A TOTAL of 500 school leavers who are undertaking training at skills training institutes in the State will find employment under the Sarawak Corridor of Renewable Energy (SCORE) this year.
They will work for Press Metal, which is already running an aluminium smelting plant in Balingian, Mukah and is set to begin operations of its new plant at the Samalaju Industrial Park in June.
Minister of Women, Welfare and Family Development Datuk Fatimah Abdullah revealed that Press Metal’s two plants are looking for locally trained workers.
“Training schools have signed MOUs with these two companies to train Form 5 school leavers. They will undertake three months of training at the plants,” she is quoted as saying.
She said the Mukah plant will employ 100 of the school leavers, while the other 400 will go to Samalaju.
“This is just a small example of how industries under SCORE provide job opportunities,” she pointed out.
Datuk Fatimah stressed that there will be at least 60,000 future job opportunities every five years under SCORE.
Training is already in progress and the institutes are working closely with industry to ensure that the needs of these companies for skilled workers can be met.
“We want our school leavers to change their mindset by not looking at jobs in these industries as second class. In future, jobs are more in the 10 industries under SCORE.
“Once you are trained, your salary can be good, especially those trained and sent overseas such as China for further training where the salary could be four to five figures,” added the Minister.
So despite what some quarters have been spreading, the facts are that Sarawak is equipping our young people for the many jobs that will be available thanks to SCORE.
These are concrete plans to ensure that the State’s economy is diversified and strengthened so that Sarawakians can have a solid future that does not just rely on the oil and gas industry, which we all know is a resource that will run out one day.
Hence we are looking towards renewable energy and a diverse economy of 10 priority industries, including aluminum, glass, steel, fishing and aquaculture, livestock, marine engineering and tourism.
Real transformation for a secure future for all Sarawakians and not just passing change.
The report from Borneo Post:
‘Better to work in Sarawak than elsewhere as unskilled labour’
MIRI: It is better to work in the state than work in factories or as unskilled labour in Kuala Lumpur.
Welfare, Women and Family Development Minister Datuk Fatimah Abdullah pointed this out to job seekers in Sarawak yesterday.
Several young women from Sarawak who accepted work in factories or other jobs in Kuala Lumpur were forced to work as guest relations officers (GROs) at night spots, while young men were forced to be drug pushers instead of the jobs promised. Deputy Tourism Minister Datuk Dr James Dawos Mamit revealed recently.
Fatimah said the ministry had yet to receive the number of young Sarawakians who have fallen prey to such tricks.
“I believe most of them are school leavers leaving Sarawak in a group after being offered jobs by recruitment agencies. The intention of these syndicates is not to offer jobs but for other type of work.”
“We encourage them if they want job experience outside Sarawak. But if as factory worker or unskilled labour, better to work in the state as you are not sure of the credibility of the employment agency outside,” she advised, reminding them to check with Manpower Office for credibility.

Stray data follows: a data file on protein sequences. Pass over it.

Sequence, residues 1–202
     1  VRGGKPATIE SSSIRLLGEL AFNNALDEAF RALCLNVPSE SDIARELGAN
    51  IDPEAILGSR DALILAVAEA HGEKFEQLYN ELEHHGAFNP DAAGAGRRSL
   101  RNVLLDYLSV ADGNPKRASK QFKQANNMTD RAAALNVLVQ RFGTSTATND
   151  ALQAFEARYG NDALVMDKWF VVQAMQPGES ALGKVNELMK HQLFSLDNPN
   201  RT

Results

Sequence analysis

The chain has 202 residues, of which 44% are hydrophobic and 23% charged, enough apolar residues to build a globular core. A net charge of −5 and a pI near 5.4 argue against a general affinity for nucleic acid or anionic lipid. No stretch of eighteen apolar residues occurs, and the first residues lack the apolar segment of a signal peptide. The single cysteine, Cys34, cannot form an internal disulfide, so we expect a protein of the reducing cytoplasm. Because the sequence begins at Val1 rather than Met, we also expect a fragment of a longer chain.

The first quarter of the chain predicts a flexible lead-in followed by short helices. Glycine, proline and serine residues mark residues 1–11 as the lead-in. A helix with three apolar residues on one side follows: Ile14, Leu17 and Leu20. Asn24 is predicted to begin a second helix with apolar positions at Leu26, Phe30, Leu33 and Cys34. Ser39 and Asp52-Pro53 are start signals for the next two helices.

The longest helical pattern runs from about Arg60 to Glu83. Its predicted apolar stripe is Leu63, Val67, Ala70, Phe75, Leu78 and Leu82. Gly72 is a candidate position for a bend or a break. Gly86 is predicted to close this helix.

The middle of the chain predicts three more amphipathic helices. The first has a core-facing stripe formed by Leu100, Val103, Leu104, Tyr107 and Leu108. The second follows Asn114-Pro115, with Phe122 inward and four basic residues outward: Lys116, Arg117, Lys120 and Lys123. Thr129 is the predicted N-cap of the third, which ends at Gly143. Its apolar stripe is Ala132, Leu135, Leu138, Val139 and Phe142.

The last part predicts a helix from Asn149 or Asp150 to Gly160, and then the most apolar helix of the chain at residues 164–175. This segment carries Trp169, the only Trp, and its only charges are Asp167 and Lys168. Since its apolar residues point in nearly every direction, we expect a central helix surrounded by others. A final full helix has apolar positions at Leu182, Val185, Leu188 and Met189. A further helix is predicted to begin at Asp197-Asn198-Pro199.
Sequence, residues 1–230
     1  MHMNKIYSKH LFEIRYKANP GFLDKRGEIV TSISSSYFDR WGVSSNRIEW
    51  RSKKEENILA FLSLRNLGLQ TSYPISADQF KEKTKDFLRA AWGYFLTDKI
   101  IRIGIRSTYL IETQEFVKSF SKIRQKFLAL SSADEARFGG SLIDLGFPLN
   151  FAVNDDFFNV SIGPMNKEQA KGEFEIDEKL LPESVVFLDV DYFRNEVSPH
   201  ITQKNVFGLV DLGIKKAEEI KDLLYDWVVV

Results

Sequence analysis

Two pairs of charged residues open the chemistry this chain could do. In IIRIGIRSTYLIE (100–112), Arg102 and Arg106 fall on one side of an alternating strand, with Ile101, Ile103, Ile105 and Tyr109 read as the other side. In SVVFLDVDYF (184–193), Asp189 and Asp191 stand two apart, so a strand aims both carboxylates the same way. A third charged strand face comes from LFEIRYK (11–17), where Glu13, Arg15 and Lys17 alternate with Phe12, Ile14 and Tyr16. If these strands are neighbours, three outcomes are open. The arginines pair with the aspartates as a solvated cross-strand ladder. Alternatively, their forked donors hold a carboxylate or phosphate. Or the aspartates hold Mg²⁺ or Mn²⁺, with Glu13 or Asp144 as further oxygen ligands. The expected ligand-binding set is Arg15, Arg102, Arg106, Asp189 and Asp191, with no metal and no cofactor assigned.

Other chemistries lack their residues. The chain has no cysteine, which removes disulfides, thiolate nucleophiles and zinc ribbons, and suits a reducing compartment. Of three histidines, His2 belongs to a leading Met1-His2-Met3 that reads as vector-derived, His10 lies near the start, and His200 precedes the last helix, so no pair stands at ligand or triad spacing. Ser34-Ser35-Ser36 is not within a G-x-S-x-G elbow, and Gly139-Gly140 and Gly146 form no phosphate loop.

She encouraged Form 5 school leavers who were academically good to go for further education at least to tertiary level, while those not academically-inclined go for technical training.
Fatimah revealed that in Sarawak, not less than 70 institutions offered various kinds of skills training.
“They must be receptive to training for Sarawak Corridor Of Renewable Energy (SCORE). There are two aluminium smelting plants companies in Mukah and Samalaju looking for local trained workers. Training schools have signed MOUs with these two companies to train Form 5 school leavers. They will undertake three months of training at the plants,” Fatimah said, adding that 100 will be employed in Mukah and 400 Samalaju this year.
“This is just a small example of how industries under SCORE provide job opportunities.”
Fatimah said there will be at least 60,000 future job opportunities every five years under SCORE. The training is being done now. In fact, some training schools are doing it. They are working with the industry themselves. The schools train according to the needs of industries.
“We want our school leavers to change their mindset by not looking at jobs in these industries as second class. In future, jobs are more in the 10 industries under SCORE. Once you are trained, your salary can be good especially those trained and send overseas such as China for further training where the salary could be four to five figures,” said Fatimah.
On women being tricked into becoming drug mules, Fatimah believed they were cheated by professional conmen.
“They study the weakness of the target group mostly from the vulnerable group such as single mothers and broken families who need love, care and attention. Sweet words and promises are enough as they are playing with feelings.”
“We must not believe that we can become rich overnight. This is a bait. Always believe in your own effort and honest work. It is not easy to be rich and easy to land yourself into trouble. You have to remember that and you have to be careful as they zero in on your area of weakness,” Fatimah said, reminding Sarawakian women not to be hoodwinked by anyone.